Online ISSN: 2515-8260

Keywords : Nebulized Furosemide


Updated Management of Pediatric Heart Failure by Use of Nebulized Furosemide and Salbutamol

Hesham Mohamed Abdallah,Laila Raslan Abdelaziz, Al Shaymaa Ahmed Ali

European Journal of Molecular & Clinical Medicine, 2021, Volume 8, Issue 3, Pages 4224-4237

A congenital heart disease (CHD) is a defect in the structure of the heart and great vessels
which is present at birth. Many types of CHD exist, most of which either obstruct blood flow in
the heart or vessels near it, or cause blood to flow through the heart in an abnormal pattern.
Other diseases, such as long QT syndrome, affect the heart's rhythm. CHDs are among the most
common birth defects and are the leading cause of birth defect-related deaths. Approximately 9
people in 1000 are born with CHD. Many diseases do not need treatment, but some complex
CHD require medication or surgery. Heart failure in children is a clinical and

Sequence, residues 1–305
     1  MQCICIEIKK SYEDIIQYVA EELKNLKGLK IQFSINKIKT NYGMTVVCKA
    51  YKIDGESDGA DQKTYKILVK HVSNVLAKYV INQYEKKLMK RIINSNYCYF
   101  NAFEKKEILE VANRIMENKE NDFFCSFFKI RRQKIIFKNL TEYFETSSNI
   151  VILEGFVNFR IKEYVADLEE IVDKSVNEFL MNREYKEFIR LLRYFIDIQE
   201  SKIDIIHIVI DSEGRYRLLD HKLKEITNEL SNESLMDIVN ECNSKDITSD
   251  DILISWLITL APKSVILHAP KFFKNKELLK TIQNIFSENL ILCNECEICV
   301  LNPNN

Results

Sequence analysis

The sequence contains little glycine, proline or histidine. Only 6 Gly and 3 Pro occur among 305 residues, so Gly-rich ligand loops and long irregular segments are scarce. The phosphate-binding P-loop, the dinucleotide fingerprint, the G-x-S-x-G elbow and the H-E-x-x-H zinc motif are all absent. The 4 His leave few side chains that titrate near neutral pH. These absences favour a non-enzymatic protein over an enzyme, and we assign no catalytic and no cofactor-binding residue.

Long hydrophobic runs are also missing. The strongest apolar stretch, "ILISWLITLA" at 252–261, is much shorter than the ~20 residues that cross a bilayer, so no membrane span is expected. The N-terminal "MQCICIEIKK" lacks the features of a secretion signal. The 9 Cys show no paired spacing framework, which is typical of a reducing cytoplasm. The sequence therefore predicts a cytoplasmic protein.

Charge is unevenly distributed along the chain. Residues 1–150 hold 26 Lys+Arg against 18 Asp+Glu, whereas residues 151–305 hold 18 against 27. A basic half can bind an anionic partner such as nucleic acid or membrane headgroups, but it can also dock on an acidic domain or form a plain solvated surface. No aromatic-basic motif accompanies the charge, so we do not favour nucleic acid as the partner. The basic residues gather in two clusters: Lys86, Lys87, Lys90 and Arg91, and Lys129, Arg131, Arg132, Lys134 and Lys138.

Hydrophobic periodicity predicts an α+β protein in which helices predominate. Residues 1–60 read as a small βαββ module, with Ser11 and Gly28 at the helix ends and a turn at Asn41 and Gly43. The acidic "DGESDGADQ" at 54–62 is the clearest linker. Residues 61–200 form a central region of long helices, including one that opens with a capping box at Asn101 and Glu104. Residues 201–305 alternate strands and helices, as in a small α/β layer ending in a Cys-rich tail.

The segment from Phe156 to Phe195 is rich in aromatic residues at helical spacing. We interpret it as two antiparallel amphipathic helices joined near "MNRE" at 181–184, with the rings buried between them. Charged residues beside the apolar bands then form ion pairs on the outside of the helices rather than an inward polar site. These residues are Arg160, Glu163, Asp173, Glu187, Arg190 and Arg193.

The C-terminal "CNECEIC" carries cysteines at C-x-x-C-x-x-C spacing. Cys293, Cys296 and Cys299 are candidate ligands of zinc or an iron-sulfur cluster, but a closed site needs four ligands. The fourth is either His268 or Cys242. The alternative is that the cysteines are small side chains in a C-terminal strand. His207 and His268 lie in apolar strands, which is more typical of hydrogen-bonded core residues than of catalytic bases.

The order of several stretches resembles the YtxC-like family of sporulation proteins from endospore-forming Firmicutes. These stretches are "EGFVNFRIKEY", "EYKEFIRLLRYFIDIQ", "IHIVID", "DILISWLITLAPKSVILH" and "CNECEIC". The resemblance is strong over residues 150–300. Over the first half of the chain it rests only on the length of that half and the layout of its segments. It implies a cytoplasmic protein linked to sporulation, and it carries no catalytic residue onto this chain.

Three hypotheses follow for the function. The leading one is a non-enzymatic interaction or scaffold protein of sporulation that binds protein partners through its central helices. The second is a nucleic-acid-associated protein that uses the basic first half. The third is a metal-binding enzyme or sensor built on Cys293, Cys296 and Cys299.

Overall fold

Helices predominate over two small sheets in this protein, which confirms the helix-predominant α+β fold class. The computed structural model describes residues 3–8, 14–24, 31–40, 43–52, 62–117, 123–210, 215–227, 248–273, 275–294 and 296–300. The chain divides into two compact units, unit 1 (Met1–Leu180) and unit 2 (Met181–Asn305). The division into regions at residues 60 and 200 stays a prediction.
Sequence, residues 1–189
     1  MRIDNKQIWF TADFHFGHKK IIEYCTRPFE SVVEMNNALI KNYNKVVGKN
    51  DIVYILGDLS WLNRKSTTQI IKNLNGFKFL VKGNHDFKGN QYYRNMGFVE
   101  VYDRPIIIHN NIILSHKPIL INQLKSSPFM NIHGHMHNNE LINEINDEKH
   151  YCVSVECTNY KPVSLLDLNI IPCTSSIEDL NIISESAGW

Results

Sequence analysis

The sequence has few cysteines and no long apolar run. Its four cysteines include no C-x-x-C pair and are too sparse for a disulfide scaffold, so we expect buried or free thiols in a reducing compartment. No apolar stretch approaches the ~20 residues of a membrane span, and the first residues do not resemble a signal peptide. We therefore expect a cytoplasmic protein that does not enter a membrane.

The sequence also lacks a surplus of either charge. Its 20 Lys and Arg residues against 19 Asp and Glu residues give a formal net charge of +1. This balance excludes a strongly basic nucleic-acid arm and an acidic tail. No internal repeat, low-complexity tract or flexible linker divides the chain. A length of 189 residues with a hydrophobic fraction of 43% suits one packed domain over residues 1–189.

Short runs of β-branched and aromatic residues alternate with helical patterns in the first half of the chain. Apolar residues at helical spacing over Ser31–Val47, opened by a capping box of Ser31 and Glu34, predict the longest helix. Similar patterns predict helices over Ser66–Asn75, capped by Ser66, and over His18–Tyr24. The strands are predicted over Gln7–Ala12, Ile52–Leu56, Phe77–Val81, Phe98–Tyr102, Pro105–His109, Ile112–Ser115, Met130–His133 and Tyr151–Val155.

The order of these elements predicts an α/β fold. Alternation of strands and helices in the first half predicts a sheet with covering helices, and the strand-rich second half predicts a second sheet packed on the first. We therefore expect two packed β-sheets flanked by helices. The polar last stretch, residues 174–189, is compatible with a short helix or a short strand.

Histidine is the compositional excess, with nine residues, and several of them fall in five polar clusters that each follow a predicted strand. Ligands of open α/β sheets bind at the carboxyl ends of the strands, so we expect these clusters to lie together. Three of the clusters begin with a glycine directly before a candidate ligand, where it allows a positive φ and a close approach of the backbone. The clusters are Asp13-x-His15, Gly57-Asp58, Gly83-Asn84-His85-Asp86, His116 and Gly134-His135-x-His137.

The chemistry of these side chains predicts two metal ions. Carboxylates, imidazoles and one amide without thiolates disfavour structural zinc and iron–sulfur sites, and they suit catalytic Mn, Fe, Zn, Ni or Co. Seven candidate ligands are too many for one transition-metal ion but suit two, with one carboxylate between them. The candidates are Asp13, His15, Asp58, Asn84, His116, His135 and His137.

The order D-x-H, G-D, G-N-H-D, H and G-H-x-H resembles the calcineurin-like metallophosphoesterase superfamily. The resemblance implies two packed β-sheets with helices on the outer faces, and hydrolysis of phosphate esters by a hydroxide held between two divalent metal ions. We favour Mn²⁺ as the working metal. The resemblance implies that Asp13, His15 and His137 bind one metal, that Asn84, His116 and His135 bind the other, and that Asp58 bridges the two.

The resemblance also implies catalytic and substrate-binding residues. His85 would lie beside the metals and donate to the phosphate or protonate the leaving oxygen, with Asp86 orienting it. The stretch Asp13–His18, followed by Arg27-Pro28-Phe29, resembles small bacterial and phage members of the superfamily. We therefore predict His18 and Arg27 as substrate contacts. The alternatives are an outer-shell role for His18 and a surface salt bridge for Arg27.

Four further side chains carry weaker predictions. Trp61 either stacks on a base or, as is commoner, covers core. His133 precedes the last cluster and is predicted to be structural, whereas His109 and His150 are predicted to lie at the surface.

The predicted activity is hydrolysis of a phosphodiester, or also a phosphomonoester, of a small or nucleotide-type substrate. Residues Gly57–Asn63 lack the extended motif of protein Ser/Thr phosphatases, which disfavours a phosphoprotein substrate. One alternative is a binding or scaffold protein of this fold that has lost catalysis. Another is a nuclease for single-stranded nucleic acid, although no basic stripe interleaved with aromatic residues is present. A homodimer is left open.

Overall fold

pathophysiological syndrome that results from ventricular dysfunction, volume or pressure
overload, either alone or in combination. Salbutamol is generally given via pressurized metered
dose inhaler (pMDI) with a large volume spacer, this is a highly efficient delivery system and
ensures good delivery particularly to the small-sized to moderate-sized airways. However, it can
also be inhaled via a dry powder inhaler or nebuliser or given orally or intravenously Inhaled
furosemide affects the respiratory system by inhibiting the movement of chlorine through the
membrane of the epithelial cell , also increases the synthesis and release of the bronchodilators
prostaglandin E2 (PGE2) in the airway epithelium and prostacycline (PGI2) in the vascular
endothelium.